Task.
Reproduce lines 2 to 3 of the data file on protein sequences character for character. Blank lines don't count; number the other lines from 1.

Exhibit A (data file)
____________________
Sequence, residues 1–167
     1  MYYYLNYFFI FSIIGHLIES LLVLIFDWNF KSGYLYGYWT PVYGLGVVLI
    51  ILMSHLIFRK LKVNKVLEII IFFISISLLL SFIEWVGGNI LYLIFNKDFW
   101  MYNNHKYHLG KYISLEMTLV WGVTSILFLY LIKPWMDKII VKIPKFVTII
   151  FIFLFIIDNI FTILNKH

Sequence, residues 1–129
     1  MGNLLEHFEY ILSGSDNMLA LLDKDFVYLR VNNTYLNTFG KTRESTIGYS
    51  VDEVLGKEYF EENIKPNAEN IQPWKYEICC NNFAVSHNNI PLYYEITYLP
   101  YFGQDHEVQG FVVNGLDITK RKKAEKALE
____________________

     1  MYYYLNYFFI FSIIGHLIES LLVLIFDWNF KSGYLYGYWT PVYGLGVVLI
    51  ILMSHLIFRK LKVNKVLEII IFFISISLLL SFIEWVGGNI LYLIFNKDFW